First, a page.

In my opinion, I am often rich as Crœsus, not in money, but (though it doesn’t happen every day) rich, because I have found in my work something to which I can devote myself heart and soul, and which gives inspiration and significance to life.
This post is week 8 of 8 in the 8 Weeks of Summer Blog Challenge for educators.
The #8WeeksofSummer blogging challenge will stay with me. One takeaway is that I do better at blogging with a challenge. I’ve been blogging for close to ten years now, sometimes more regularly than others.
Here is a little history of my recent blogging:
In 2019, I made 16 posts. I began the year blogging, thanks to the #Blogging28 challenge last January through Edublogs, posting 5 times in January. In February through May, I made 3 more posts–no challenges. Then starting in June through today, I’ve made 8 posts in the #8WeeksofSummer challenge.
In 2018, I made 3 posts.
In 2017, I made 57 posts.
What was the difference between 2017 and 2018? Blogging challenges.
Writing heals and keeps me sane, so I need to take time to write. If blogging challenges are a way to encourage me to do that, I will take them.
Thank you so much to Penny Christensen for running this professional reflection challenge for this summer. Thanks also to Penny and other friends who came and commented on my blog–Sheri, Joy, and Scott.
Now. what will my next challenge be?
How am I planning to implement change next school year? My BHAG of improving English language acquisition and literacy at my school will be implemented throughout the school year, beginning even today:
I have no doubt that I and my colleagues will continue to implement the goals we have for the next school year right through next June. One step at a time. One student at a time.
This week Penny asks, “What goal is so powerful that you are compelled to move toward, yet respectful of its immensity?”
I do have big goals, which include:
Is my goal hairy and audacious?
From what I read about BHAG and the example of Boeing bringing commercial air travel into the jet age, my goals so far aren’t easily articulated as one BHAG. It is not a vision statement that will fit on a t-shirt, for instance.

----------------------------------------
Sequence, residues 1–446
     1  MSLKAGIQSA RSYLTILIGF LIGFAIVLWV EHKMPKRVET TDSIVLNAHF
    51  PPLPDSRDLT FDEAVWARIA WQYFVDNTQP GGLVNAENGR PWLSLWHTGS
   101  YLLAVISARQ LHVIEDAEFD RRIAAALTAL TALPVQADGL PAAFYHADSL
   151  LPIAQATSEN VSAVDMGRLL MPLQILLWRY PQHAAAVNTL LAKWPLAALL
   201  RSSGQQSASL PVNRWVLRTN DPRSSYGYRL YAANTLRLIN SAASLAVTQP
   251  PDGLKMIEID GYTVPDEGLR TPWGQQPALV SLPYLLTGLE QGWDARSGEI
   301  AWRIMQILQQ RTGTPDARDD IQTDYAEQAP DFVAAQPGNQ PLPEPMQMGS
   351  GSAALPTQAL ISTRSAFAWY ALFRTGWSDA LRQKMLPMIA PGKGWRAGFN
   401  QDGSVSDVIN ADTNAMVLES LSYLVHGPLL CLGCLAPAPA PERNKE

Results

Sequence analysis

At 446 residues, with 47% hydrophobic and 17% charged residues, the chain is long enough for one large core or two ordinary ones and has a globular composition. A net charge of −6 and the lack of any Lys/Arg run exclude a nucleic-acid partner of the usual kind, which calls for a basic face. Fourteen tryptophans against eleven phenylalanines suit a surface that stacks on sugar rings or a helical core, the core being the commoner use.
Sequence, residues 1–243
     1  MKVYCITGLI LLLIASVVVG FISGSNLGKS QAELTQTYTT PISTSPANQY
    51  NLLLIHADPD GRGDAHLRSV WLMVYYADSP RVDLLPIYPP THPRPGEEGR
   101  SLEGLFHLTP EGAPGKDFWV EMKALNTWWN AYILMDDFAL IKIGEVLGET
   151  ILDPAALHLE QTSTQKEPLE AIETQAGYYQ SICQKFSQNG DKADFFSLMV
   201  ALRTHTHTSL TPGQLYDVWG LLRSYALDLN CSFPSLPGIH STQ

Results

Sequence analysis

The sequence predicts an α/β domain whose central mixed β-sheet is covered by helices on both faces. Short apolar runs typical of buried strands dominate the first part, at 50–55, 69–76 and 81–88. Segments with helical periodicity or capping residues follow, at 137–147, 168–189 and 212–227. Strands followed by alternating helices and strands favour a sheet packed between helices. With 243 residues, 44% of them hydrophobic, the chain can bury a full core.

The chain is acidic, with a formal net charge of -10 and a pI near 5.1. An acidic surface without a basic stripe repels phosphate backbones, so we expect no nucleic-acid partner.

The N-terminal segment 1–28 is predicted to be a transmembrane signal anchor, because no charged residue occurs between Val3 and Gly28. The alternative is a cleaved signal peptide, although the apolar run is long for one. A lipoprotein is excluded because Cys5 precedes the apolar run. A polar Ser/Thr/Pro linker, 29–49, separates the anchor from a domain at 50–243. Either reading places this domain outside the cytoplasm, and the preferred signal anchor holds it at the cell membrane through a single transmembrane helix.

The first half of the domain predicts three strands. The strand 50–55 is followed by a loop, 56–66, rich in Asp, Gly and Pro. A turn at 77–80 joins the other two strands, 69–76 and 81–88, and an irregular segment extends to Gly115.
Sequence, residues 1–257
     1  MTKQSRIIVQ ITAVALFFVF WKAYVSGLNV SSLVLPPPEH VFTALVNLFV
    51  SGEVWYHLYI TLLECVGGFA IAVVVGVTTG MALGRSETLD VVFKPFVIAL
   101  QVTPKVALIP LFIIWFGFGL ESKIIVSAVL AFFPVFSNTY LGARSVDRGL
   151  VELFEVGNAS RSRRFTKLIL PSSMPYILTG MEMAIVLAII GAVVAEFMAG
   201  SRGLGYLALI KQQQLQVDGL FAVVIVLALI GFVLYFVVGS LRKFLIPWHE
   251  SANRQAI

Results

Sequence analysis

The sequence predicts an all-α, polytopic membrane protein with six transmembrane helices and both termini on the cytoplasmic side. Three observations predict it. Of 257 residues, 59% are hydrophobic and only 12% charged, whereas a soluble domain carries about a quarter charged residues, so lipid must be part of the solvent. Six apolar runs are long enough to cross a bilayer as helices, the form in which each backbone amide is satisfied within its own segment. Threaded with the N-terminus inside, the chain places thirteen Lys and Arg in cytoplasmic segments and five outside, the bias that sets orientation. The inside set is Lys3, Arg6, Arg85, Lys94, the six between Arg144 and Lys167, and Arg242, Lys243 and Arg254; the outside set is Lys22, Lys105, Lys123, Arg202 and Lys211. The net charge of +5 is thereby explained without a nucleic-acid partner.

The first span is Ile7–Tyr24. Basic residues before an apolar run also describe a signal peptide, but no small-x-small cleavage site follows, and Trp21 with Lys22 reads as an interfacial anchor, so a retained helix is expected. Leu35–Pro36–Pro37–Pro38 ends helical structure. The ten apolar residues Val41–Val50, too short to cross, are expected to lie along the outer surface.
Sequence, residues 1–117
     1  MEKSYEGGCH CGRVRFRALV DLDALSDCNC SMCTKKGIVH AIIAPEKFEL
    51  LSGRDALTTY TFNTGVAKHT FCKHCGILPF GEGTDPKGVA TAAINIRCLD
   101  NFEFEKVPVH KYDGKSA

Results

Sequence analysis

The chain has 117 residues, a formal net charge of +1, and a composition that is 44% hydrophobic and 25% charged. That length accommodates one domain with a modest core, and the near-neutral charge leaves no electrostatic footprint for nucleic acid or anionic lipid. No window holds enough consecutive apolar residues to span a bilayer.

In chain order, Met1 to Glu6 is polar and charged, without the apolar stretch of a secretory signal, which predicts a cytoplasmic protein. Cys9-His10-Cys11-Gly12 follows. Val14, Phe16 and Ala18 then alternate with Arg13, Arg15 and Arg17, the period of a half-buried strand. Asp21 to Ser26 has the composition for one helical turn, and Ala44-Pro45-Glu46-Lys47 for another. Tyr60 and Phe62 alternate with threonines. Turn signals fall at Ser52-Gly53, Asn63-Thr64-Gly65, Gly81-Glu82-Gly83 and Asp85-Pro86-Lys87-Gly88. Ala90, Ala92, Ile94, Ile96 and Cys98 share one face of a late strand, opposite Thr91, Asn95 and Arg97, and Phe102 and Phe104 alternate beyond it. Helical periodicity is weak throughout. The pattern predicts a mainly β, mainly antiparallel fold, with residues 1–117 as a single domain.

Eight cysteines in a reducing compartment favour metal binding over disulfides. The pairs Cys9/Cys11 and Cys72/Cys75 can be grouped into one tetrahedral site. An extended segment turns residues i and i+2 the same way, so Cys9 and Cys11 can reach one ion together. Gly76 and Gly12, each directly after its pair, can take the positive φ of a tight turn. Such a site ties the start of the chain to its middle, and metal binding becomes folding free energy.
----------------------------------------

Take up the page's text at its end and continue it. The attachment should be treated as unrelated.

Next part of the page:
Jim Collins explains another BHAG about getting to the moon in the 1960’s: “…the goal itself—the mountain to climb—was so easy to grasp, so compelling in its own right, that it could be said one hundred different ways, yet easily understood by everyone.”
My list may be the smaller steps to reach a bigger goal. As yet, it is not easily understood by everyone. Perhaps they are the many steps to get to a BHAG that I have yet to articulate.
I need to think about this, and perhaps read Built to Last.
What are optimal conditions in which to learn, for you, and for students? What a great question. I have spent the last decade really grappling with this question, but not taking time to really try to come up with the answers.
When I became what I called a “connected educator,” I learned so much. I became the chief learner in my classroom.
I passionately tried to teach my students to love learning and go for broke. Some of my thoughts from 2012:
Then I moved to a new country, where the culture is so different. The educational values are not what I was used to. Education here is what I describe as more traditional. Students and parents are more competitive and good grades and being on the honor roll are the pinnacle. I have weathered my share of storms as I try to navigate this new educational landscape.
Now, this week, for the #8WeeksofSummer challenge, I was asked the question about what are the optimal learning conditions for me and my students. Today, I have a more nuanced answer than the 2012 writing above.
I have never before stopped to articulate what I think about the colliding of my experiences in eastern and western schools. I’ll take a stab at it today, but really these are just some random thoughts: I’ll keep grappling!
I don’t think I have answered the question, but here are a few optimal conditions for learning worldwide:
I guess these are conditions that work for me and students.